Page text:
7

I'm trying to figure out how to properly use webpack-html-plugin with the compression plugin, the documentation of latter is a bit scarce.

My webpack configuration declares :

output: {
  filename: 'js/[name]-[hash].js',

The compression plugin is run at last

new CompressionPlugin({
    asset: "[path].gz[query]",
    algorithm: "gzip"
})

In the end the scripts are correctly produced and compressed.

js/app-caf3b4b3.js.gz     382 kB          [emitted]  [big] 

I can declare the preloading of the gzipped file in the index.html template

 <link rel="preload" href="<%= htmlWebpackPlugin.files.chunks[chunk].entry %>.gz" as="script">

But webpack is in charge for the insertion of this line :

<script type="text/javascript" src="/js/app-caf3b4b3.js">

inside of <body></body>

How can I ask webpack to use the compressed script ?

7

You don't need to link a compressed file in html. You must do this server-side. You can also gzip css and html files.

Set your server to send a file using gzip compression, you'll also need proper headers to tell the browser how to interpret that compressed file.

If you are using an Apache server you can enable gzip compression with an .htaccess file.

I use this for my Apache server:

# enable the rewrite capabilities
RewriteEngine On

# prevents the rule from being overrided by .htaccess files in subdirectories
RewriteOptions InheritDownBefore

# provide a URL-path base (not a file-path base) for any relative paths in the rule's target
RewriteBase /

# GZIP
## allows you to have certain browsers uncompress information on the fly
AddEncoding gzip .gz
## serve gzip .css files if they exist and the client accepts gzip
RewriteCond %{HTTP:Accept-encoding} gzip
RewriteCond %{REQUEST_FILENAME}\.gz -s
RewriteRule ^(.*)\.css $1\.css\.gz [QSA]
## serve gzip .js files if they exist and the client accepts gzip
RewriteCond %{HTTP:Accept-encoding} gzip
RewriteCond %{REQUEST_FILENAME}\.gz -s
RewriteRule ^(.*)\.js $1\.js\.gz [QSA]
## serve gzip .html files if they exist and the client accepts gzip
RewriteCond %{HTTP:Accept-encoding} gzip
RewriteCond %{REQUEST_FILENAME}\.gz -s
RewriteRule ^(.*)\.html $1\.html\.gz [QSA]
## serve correct content types, and prevent mod_deflate double gzip
RewriteRule \.css\.gz$ - [T=text/css,E=no-gzip:1,E=is_gzip:1]
RewriteRule \.js\.gz$ - [T=text/javascript,E=no-gzip:1,E=is_gzip:1]
RewriteRule \.html\.gz$ - [T=text/html,E=no-gzip:1,E=is_gzip:1]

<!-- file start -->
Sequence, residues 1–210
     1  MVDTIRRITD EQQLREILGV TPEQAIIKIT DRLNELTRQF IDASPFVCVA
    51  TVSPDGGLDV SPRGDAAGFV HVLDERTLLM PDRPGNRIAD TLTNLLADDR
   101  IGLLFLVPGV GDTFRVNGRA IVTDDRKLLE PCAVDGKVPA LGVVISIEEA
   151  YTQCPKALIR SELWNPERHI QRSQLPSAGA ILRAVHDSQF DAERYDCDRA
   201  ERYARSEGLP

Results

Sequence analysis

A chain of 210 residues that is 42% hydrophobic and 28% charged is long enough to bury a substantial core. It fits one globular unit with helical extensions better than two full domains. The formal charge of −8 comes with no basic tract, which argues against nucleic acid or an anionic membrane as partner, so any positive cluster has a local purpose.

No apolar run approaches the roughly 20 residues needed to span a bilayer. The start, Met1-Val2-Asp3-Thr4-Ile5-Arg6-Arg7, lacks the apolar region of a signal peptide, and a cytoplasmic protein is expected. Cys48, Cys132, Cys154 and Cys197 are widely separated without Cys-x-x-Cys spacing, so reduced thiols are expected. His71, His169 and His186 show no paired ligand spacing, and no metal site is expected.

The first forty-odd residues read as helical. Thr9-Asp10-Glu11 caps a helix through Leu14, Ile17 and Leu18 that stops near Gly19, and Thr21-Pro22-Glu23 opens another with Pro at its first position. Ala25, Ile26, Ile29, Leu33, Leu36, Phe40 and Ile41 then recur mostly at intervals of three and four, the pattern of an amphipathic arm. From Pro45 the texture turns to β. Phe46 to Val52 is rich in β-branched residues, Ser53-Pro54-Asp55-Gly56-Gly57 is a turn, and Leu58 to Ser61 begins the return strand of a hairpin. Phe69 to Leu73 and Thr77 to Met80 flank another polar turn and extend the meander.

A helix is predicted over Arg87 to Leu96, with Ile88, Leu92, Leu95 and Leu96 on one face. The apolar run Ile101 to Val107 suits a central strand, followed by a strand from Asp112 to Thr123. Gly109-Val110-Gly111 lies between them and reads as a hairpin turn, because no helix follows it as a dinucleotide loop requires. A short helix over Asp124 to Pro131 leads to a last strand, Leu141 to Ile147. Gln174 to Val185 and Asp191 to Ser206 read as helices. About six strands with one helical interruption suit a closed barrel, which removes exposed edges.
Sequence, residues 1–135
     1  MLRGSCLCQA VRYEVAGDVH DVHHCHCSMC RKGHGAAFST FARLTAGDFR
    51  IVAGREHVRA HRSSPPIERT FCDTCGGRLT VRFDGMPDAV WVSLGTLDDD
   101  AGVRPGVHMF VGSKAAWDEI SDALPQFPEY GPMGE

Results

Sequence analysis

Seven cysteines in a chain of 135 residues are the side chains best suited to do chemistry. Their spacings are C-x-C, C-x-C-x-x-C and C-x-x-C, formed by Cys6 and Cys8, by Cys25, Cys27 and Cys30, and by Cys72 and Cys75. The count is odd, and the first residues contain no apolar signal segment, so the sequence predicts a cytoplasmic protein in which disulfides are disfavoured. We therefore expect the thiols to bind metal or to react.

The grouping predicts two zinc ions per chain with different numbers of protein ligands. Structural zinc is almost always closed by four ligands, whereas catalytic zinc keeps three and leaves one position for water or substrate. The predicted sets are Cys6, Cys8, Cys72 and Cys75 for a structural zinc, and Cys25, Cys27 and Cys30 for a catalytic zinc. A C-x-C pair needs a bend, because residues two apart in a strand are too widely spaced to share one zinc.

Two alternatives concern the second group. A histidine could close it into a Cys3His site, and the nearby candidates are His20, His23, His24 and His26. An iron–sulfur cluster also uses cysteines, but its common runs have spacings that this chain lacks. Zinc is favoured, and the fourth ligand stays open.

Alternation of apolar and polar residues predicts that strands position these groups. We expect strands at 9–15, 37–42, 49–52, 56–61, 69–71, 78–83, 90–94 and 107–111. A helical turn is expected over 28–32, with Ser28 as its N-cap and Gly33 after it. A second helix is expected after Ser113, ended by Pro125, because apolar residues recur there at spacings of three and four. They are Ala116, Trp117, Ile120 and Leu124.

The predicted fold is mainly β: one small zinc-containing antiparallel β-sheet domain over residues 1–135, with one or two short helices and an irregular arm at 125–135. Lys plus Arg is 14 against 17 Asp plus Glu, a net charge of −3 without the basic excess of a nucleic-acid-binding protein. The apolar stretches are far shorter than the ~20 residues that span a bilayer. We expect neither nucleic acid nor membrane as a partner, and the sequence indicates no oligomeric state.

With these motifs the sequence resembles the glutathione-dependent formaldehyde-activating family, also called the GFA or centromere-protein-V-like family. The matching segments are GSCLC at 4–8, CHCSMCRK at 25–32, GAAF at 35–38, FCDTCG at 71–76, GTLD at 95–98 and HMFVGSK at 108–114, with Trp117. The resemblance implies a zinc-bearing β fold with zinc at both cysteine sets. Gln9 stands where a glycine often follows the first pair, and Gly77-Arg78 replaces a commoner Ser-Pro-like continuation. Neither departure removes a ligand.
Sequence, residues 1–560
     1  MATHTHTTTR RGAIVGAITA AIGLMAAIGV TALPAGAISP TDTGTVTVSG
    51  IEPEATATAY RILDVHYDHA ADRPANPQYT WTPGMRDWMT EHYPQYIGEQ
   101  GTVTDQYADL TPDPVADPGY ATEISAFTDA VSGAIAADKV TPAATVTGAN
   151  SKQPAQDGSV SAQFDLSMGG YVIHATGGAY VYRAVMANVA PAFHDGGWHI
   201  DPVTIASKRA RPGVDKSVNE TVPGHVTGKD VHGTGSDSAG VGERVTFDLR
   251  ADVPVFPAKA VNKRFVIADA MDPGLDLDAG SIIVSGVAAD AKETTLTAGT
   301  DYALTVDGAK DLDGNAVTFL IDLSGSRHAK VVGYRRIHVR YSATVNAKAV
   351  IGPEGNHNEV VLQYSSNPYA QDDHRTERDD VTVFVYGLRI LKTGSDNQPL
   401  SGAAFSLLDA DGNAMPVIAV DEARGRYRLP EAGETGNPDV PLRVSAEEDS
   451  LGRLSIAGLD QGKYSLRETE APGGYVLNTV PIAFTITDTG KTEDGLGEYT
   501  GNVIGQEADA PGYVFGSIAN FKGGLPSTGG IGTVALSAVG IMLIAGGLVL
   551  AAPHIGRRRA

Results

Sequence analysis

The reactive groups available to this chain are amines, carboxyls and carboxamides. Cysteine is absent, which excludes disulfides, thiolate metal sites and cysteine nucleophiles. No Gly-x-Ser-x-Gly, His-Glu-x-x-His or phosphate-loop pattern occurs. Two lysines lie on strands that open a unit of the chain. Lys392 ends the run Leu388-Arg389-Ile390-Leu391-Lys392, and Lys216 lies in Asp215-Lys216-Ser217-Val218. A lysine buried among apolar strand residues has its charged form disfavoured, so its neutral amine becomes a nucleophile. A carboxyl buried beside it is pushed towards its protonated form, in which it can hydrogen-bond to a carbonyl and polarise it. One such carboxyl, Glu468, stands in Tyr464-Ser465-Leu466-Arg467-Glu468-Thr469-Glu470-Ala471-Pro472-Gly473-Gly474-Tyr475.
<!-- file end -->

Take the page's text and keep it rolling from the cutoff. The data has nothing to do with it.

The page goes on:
Header set Content-Encoding "gzip" env=is_gzip

You can google for more information on how to optimize a website with gzip compression.

https://gtmetrix.com/enable-gzip-compression.html

https://betterexplained.com/articles/how-to-optimize-your-site-with-gzip-compression/

https://developers.google.com/web/fundamentals/performance/optimizing-content-efficiency/optimize-encoding-and-transfer#text_compression_with_gzip

6

You can do that via Webpack Compression Plugin from you SPA app or also from server side. I'll answer for the Vue.js spa that I tested it on for config. React and Angular webpacks will not be different except for the config file names.

Steps:

  1. Create a vue.config.js file if not already present

  2. Add something along these lines

    const CompressionWebpackPlugin = require("compression-webpack-plugin");
    
    module.exports = {
    
      configureWebpack: {
    
        plugins: [
          new CompressionWebpackPlugin({
            filename: "[path].gz[query]",
            algorithm: "gzip",
            test: /\.(js|css)$/,
           ...
    
          })
        ]
      }
    };
    

More options available in plugin docs.

0

My approach is a bit different but it served the purpose in the and and I can save a lot of data send to the client! I was also struggling with serving the compressed version with my React SSR app; in my case the brotli type with js.br extension > "bundle.js.br". The following snippet changed it in the end to serve it properly. I reduced my client-side uncompressed bundle in development mode from 1.7 MB to 0.27 MB. Try and figure it out for you. There is no extra plugin needed to serve the file. Of course, the compressed version must be generated first with webpack. For webpack brotli compression I use the npmjs packages compression-webpack-plugin in conjunction with zlib.

var express = require('express');
var app = express();

app.get('*.js', (req, res, next) => {
  if (req.header('Accept-Encoding').includes('br')) {
    req.url = req.url + '.br';
    console.log(req.header('Accept-Encoding'));
    res.set('Content-Encoding', 'br');
    res.set('Content-Type', 'application/javascript; charset=UTF-8');
  }
  next();
});

app.use(express.static('public'));

Now let me explain my snippet above which I use for my SSR React app to serve the compressed file.

  • Using the argument '*.js' at the beginning means that this app.get works for every endpoint that is fired to fetch a JS file.
  • Inside the callback, I attach .br to the URL of the request. Furthermore, the Content-Encoding response header is set to br.
  • The Content-Type header is set to application/javascript; charset=UTF-8 to specify the MIME type.
  • At the end and very important, next() makes possible to continue to any callback that may be next.
  • Do not forget to provide the folder where your compressed bundle is placed. I used app.use(express.static('public')) in my case.

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